“Yes, Papa.” Martha couldn’t get away with her lollygagging anymore. She put the sack of dried beans in the covered wagon and smiled nervously at her brother Mathias, who’d looked a little green in the gills ever since Papa made the announcement yesterday. A man down in Ephraim was willing to take Martha on as his third wife. Papa told him she was a workhorse. Sure she wasn’t much to look at, but she was a big-boned girl, good for baling hay and birthing babies.
Martha didn’t see why she needed a husband. She wanted to stay on her family farm near Salt Lake City. No shortage of work. But she was nearly 20. The Elders told Papa that most good Mormon girls were married off long before then. A good Mormon girl would want her own family.
No stopping it now. The man in Ephraim was 30 years older than her. All she could hope was that he wasn’t cruel.
A few hours later they were kicking up dust on the road by the Sevier River. The ridge towered over them, red rock glowing in the morning sun. Martha loved a journey so she put the destination out of her mind. She loved the smell of the horses mingled with the river reeds. Loved the sound of falling hooves, the creaking wagon, and the wind howling through the canyons. She looked up at the ridge. She bet she could climb up there. She was the best climber in her family, better than all five of her brothers. They always gave up when things got scary. Not Martha. If she wanted to get to the top, she got there.
As she dreamed about conquering that ridge, she thought she saw a man sitting tall on a piebald horse. A broad-chested Ute warrior, his long black hair bound with hawk feathers. Then he was gone. She blinked. Must be the sun in her eyes. No one would ride a horse up there, she thought, laughing at herself. Once, she’d spied a Ute warrior at the trading post. She thought he was just about the most marvelous thing she’d ever seen, so wild, free and strong with a scent like fresh-cut cedar. She made up stories about him for a solid week. Still did sometimes.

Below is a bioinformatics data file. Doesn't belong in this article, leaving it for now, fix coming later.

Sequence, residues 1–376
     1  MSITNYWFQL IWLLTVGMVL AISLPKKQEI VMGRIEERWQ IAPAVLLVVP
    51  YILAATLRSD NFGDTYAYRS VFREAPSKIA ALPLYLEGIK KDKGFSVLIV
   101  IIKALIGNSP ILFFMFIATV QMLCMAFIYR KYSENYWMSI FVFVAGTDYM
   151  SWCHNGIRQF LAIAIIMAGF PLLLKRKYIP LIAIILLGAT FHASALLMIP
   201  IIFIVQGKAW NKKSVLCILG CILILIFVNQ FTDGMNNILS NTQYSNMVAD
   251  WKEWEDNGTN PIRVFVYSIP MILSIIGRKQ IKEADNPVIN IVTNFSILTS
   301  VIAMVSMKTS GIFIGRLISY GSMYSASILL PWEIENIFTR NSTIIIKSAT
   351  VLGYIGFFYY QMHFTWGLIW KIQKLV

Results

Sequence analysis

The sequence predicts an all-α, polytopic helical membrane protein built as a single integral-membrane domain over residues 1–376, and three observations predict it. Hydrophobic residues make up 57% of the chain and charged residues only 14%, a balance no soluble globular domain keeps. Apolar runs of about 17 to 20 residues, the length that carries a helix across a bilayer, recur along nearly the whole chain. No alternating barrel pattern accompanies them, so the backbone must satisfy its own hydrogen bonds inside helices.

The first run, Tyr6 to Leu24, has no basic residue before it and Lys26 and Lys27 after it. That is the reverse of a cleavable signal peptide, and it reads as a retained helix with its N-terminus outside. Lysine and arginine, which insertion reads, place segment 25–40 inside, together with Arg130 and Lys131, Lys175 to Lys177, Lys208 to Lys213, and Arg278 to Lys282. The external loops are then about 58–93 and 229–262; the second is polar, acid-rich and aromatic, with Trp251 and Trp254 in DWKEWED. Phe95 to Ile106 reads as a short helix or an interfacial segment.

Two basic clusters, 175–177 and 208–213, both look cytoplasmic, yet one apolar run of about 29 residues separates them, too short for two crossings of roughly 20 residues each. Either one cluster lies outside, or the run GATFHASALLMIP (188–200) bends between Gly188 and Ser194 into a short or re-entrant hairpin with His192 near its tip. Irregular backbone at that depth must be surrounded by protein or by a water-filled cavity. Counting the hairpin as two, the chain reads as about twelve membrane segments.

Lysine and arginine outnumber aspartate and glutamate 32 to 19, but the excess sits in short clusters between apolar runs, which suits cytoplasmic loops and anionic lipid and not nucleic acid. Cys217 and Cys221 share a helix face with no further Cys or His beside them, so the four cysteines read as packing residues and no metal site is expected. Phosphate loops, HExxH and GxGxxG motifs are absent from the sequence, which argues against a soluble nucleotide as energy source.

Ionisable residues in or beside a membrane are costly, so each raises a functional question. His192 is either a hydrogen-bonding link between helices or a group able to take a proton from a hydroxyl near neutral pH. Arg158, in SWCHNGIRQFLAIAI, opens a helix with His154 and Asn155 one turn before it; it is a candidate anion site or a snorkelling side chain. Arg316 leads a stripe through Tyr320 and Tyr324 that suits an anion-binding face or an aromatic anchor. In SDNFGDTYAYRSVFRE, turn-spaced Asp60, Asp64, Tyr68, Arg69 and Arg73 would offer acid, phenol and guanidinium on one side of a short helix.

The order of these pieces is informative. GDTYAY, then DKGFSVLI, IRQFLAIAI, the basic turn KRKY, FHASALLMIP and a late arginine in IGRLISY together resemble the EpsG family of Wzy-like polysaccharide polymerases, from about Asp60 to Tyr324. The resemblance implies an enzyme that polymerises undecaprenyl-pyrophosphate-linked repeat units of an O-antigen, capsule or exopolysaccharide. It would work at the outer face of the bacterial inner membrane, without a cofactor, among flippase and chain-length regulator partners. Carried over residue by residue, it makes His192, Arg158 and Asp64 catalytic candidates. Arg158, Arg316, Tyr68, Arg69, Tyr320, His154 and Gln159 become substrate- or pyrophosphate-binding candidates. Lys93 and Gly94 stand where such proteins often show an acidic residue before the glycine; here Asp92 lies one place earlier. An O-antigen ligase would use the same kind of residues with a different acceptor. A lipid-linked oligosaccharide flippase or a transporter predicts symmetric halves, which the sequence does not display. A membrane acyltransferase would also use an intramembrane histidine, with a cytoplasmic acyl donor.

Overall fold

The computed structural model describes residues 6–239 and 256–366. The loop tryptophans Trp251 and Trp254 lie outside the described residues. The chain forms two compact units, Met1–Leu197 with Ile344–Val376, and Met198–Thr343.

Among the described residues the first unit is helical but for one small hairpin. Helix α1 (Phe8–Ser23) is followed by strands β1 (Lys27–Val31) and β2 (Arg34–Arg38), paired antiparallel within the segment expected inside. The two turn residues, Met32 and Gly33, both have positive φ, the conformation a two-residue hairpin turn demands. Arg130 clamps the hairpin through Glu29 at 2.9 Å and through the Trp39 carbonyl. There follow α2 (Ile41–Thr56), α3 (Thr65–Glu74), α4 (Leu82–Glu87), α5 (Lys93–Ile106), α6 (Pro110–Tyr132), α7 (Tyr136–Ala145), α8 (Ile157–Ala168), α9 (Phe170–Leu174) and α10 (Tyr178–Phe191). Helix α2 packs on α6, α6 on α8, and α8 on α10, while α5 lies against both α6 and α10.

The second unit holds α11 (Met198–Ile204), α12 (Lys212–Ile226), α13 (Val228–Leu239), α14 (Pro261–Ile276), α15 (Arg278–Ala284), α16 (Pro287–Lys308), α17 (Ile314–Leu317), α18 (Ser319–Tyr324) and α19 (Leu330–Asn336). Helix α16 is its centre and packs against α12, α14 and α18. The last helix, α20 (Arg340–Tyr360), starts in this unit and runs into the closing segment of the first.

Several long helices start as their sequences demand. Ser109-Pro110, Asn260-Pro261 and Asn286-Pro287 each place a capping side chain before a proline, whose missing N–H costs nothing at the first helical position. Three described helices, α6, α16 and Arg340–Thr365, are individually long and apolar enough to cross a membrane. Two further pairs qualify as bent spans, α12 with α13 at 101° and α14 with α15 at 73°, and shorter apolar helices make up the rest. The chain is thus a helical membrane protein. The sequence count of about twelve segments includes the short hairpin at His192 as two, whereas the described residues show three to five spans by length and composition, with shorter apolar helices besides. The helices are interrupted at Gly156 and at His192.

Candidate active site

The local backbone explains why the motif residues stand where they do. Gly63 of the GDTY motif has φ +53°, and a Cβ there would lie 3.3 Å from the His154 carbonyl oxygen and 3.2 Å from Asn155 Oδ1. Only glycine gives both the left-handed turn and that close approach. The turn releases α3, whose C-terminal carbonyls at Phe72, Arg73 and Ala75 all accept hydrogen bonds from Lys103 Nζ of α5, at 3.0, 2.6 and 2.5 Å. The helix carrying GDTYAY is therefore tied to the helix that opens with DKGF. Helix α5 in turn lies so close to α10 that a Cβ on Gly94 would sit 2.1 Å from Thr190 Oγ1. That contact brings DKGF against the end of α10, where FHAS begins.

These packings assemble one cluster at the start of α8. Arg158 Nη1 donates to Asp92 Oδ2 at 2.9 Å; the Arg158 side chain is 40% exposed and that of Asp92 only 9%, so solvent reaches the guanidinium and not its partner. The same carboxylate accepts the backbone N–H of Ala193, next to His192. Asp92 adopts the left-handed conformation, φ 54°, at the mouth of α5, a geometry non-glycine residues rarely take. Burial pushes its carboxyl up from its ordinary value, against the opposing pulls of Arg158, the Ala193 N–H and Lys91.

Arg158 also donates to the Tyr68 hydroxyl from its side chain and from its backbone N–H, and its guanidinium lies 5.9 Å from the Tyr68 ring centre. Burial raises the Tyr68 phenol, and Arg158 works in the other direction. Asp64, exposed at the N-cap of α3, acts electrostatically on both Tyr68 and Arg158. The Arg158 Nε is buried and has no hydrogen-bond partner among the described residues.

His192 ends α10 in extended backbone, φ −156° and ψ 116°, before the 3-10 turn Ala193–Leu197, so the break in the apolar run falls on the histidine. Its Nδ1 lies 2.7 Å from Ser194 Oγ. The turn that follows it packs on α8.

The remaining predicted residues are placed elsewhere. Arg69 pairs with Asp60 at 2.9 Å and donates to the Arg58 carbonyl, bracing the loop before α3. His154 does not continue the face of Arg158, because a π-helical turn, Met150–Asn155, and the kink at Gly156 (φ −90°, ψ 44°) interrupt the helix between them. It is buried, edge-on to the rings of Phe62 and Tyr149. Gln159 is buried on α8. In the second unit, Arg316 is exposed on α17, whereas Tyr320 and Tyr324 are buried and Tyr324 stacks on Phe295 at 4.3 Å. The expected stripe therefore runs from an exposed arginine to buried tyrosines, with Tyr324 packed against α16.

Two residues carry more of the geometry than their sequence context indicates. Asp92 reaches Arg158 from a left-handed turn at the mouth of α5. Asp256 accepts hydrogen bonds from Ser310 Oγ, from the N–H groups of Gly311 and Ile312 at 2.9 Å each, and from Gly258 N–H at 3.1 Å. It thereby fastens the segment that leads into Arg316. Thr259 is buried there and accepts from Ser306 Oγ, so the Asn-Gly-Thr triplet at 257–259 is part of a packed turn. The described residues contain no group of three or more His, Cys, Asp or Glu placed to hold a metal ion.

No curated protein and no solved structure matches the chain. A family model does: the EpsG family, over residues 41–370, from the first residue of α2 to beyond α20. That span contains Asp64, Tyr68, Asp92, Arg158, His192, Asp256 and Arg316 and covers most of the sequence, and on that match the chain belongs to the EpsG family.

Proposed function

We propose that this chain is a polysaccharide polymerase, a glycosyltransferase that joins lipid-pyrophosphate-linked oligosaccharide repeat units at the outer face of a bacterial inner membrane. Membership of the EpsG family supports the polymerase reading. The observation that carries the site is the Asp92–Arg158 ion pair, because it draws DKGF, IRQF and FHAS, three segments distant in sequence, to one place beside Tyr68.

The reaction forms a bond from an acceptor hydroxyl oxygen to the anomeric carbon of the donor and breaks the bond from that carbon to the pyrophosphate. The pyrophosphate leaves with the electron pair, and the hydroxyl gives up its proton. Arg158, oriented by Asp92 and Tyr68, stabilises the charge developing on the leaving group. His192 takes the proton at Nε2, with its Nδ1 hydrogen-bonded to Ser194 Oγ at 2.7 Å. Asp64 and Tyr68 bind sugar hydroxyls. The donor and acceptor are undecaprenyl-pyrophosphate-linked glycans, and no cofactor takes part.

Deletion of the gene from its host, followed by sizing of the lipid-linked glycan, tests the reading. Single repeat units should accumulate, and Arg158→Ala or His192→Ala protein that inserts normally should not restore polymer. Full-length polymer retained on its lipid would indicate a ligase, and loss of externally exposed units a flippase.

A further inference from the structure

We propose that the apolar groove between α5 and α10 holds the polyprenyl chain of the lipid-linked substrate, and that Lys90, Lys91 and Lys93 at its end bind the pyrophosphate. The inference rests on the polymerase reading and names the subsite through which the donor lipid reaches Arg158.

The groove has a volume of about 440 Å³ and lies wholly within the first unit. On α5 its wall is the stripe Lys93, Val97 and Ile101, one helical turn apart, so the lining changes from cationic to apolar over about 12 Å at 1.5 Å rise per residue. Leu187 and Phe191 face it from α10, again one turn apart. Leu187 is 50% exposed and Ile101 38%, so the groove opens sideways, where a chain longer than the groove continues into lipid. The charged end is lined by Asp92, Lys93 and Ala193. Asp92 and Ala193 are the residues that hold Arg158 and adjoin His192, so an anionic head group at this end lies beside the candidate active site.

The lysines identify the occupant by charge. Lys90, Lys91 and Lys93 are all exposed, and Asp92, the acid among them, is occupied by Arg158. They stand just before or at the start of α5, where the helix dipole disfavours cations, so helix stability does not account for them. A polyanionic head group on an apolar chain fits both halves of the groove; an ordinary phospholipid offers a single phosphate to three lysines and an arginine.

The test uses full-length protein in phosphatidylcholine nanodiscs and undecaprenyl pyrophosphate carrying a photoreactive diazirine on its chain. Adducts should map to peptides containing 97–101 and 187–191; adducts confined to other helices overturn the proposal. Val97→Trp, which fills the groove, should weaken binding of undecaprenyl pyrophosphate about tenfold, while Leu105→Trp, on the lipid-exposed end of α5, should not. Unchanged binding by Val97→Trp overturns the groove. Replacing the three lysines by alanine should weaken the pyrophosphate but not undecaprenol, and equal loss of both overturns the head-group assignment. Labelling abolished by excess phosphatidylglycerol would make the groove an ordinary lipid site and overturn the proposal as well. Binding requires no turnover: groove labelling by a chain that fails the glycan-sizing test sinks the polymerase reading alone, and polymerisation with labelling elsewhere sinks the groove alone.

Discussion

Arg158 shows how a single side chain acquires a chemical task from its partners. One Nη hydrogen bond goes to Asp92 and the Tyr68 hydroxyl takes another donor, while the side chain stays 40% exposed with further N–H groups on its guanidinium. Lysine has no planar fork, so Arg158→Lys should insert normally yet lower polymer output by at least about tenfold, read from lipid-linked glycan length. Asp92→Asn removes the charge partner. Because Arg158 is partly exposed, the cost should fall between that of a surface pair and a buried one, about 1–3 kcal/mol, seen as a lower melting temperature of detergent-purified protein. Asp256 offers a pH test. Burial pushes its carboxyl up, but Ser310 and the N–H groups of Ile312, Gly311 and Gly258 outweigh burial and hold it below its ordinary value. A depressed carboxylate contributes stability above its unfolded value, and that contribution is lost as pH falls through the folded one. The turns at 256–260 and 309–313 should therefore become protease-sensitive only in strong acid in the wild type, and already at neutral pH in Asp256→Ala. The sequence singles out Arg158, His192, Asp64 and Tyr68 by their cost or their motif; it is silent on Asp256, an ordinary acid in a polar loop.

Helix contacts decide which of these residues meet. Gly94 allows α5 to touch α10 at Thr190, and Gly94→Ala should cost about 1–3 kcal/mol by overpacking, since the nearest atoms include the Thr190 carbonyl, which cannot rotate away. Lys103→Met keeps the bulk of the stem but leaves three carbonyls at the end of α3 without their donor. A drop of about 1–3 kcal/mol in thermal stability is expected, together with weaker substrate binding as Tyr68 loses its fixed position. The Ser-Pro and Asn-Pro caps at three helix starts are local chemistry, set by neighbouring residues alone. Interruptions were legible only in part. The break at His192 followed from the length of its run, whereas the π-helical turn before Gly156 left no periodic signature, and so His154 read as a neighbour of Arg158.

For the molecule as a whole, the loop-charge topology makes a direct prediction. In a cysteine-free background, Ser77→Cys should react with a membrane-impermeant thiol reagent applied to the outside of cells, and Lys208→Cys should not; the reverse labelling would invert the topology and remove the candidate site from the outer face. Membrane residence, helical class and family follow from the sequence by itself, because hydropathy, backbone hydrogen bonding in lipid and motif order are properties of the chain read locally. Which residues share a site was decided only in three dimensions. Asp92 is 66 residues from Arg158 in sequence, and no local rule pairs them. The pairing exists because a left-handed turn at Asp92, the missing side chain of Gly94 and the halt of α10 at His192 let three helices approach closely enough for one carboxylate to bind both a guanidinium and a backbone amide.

No, none of Mathias’ ghost stories that night. After Martha cleaned the pots in the river they sat on rocks, gazing into the crackling fire. When Martha heard the snap of a twig she thought it was the burning wood. Two men came out of the shadows.
“Hello, there,” said a gaunt man. He pointed a pistol at them. He smelled like a hog that had broken into a whiskey barrel. “You stay put, now, while my friend here makes sure you don’t do nothin' foolish.” The other man, who also stank, tied their hands and took their rifles. He went to their wagon.
“You were right, Jeb. All kinds of booty in here.”
“Yup,” Jeb said. “I could see that wagon was ridin' heavy.
The other man returned to Papa and Mathias. He tied their feet as well as their hands so they couldn’t do much more than writhe on the ground. Then he went to get the horse while Jeb kept the gun on Martha. She figured they meant to make off with the whole wagon. Martha knew she should be desperate mad and fearful, but all she could think was that with her dowry gone, she wouldn’t have to get married.
When the horse was in the hitches, both men faced Martha.
“This one looks like she's got some fight in her, Wilsey. You hold her while I get me some.” Both men snickered. Wilsey bent, put his arms through the crook of her elbows and pulled. His knee dug into her back.
Mathias and Papa begged the thieves to take the wagon but leave her be. For a second, Martha was confused. But only for a second. She knew enough about the ways of evil men. And she was strong. Grew up tussling with her brothers. No man that smelled like a damn hog in a distillery was going to take her virtue.
Martha waited until Jeb’s filthy self moved over her, his gun back in its holster. She whimpered. Let them think she was more scared than she was. When Jeb grabbed her skirts she scissored his legs between her own and brought him to the ground. A split-second later she lurched sideways, pulling Wilsey with her. He went down. She scrambled to Jeb, got his gun out of the holster. She couldn’t work the weapon with her hands tied but she clambered onto his prone frame and brought it down on his head, hard. She heard a crack.
Jeb was out but Wilsey tackled her. She kneed him in the groin, recovered the gun and ran to hide behind the wagon, trying to get the pistol steady with her bound hands. When Wilsey came for her she took a deep breath and shot him right in the chest. He thudded to the ground like a sack of grain.
“Oh sweet Jesus, thank you,” Martha said. “I thought I was ruined for sure. Papa, where’s your knife?”